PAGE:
What's a 'powerhouse' fruit or vegetable? According to a new study published in a Centers for Disease Control and Protection journal, they're foods that are 'most strongly associated with reduced chronic disease risk.'
They also contain 17 essential nutrients in quantities that constitute 10 percent or more of a person's ideal daily intake: potassium, fiber, protein, calcium, iron, thiamin, riboflavin, niacin, folate, zinc, and vitamins A, B 6 , B 12 , C, D, E, and K 3 . But the top performer might surprise you.
The veggie you should buy right now is watercress, which scored a perfect 100 on the authors' 'nutrient density' scale. (Geek out over watercress recipes here.) Also in the top five: Chinese cabbage, chard, beet greens, and as Popeye already suspected spinach.
Way down on the list is the leafy green kale , which only scored a 54.80. Don't worry, kale lovers that's pretty good. It and 35 other fruits and vegetables still met the study's 'powerhouse' standards, including pumpkin, Brussels sprouts , and strawberries.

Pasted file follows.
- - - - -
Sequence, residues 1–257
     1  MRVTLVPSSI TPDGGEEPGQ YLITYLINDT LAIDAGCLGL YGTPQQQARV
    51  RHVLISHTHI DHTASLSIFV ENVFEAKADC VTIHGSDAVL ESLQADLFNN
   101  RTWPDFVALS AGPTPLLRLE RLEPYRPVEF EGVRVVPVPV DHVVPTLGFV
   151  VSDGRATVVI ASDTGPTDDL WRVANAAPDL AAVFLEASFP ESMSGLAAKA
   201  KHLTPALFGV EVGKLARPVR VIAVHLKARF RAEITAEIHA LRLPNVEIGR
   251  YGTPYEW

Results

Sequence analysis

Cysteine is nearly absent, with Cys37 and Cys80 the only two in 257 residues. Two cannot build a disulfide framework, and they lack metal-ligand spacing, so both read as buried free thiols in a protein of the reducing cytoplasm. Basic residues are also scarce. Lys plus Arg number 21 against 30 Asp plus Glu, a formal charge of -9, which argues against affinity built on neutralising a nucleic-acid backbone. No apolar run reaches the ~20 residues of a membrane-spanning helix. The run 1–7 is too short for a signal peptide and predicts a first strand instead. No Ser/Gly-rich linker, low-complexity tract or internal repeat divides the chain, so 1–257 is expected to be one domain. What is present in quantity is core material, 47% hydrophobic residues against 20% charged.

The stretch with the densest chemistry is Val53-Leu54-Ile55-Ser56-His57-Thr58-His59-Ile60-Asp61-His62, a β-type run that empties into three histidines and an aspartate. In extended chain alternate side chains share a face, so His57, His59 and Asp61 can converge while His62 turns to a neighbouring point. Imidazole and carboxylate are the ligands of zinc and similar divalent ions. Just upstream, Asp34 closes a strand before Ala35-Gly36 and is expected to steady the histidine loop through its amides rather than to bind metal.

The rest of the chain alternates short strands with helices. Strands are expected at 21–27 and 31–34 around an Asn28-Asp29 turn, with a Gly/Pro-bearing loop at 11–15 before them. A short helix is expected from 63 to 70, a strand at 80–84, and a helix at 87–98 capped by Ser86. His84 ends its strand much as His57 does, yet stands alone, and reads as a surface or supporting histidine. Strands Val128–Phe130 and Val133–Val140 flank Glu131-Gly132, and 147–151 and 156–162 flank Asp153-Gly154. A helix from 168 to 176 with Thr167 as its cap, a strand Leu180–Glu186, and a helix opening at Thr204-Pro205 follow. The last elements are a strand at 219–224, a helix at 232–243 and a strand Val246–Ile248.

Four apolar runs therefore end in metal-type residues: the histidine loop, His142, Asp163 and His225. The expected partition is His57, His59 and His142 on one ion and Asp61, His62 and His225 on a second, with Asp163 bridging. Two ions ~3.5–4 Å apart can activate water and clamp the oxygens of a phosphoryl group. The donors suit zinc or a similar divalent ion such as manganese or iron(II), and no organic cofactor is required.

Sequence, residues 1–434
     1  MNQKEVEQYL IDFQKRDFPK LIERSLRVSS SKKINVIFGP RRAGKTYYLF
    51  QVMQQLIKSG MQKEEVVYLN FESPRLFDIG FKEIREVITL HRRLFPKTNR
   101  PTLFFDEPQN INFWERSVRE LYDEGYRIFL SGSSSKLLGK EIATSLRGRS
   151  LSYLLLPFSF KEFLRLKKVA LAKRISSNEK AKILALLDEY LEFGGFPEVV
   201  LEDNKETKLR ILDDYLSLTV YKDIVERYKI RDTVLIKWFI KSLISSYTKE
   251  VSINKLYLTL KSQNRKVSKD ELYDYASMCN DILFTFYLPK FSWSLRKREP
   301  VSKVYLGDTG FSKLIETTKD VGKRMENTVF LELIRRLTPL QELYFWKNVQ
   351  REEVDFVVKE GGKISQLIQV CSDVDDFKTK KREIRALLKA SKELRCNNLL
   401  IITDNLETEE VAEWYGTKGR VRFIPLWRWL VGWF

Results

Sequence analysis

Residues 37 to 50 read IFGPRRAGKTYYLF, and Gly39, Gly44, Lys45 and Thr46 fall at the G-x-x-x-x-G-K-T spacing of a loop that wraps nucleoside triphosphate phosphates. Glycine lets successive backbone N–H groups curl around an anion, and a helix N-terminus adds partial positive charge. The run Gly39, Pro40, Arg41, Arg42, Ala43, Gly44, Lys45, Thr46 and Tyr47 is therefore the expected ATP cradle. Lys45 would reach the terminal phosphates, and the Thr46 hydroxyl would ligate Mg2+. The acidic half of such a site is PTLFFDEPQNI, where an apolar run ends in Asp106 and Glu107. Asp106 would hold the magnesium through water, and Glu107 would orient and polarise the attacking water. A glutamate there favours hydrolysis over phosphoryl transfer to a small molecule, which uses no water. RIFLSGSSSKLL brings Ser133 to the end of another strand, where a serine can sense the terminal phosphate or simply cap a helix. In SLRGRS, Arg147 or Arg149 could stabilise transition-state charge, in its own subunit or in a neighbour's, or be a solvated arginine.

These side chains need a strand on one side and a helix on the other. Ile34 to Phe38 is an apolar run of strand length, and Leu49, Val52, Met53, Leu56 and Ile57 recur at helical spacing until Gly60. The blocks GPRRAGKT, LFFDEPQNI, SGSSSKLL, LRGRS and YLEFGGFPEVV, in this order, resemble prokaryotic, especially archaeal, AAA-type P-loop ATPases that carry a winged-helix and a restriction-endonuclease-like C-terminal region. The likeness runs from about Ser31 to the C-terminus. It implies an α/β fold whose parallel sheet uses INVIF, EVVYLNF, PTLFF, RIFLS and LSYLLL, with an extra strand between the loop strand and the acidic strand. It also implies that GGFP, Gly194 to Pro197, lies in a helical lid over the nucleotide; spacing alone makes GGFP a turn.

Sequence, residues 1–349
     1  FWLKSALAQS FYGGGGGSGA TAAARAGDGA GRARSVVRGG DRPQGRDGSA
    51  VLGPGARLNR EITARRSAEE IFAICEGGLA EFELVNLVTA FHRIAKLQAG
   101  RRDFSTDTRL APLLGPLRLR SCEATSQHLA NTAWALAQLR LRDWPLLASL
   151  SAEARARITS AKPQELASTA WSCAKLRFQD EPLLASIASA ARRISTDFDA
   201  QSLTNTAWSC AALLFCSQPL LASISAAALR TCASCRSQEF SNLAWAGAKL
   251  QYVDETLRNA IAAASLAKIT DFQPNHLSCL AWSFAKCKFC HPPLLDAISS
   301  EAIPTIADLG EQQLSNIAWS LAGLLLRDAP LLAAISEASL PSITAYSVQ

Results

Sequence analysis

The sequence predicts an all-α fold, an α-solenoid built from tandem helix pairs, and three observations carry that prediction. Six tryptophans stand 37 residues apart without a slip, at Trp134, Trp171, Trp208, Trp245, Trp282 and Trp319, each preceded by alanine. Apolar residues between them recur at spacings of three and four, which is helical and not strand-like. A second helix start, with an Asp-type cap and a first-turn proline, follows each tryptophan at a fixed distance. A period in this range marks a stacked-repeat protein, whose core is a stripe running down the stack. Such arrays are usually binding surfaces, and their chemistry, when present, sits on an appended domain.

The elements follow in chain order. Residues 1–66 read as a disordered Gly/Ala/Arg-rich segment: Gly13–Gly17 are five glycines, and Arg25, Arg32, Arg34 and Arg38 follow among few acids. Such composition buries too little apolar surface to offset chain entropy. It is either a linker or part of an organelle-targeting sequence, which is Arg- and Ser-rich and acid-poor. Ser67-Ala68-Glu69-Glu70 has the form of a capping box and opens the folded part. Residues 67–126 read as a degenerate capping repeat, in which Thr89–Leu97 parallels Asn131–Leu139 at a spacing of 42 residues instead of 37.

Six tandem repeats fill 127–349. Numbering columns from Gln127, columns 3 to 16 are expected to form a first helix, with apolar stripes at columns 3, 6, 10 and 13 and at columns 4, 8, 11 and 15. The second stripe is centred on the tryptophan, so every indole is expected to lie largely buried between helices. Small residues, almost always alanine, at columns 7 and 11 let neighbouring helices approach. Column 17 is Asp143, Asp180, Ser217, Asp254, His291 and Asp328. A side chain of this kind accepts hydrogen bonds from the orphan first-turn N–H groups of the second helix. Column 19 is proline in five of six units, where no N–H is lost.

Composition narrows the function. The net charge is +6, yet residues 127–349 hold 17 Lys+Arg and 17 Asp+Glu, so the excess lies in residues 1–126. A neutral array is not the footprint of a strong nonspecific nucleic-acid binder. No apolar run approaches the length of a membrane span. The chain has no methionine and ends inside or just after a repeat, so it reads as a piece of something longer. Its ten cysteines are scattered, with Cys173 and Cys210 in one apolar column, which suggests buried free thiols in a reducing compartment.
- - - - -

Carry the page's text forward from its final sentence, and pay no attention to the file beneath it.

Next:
Of the fruits and veggies examined, only six didn't tangerines, garlic, onions, cranberries, raspberries, and blueberries though this doesn't mean they're necessarily unhealthy. Berries, for instance, are rich in phytochemicals compounds that may have disease preventive properties but there isn't yet good information on recommended intake amounts for them, so they weren't factored into the study.
'Nutrient profiling is not new,' the lead researcher, Jennifer Di Noia, told The Washington Post. 'But applications to fruits and vegetables are limited. This is the first classification scheme of which I am aware to define and rank' fruits and vegetables.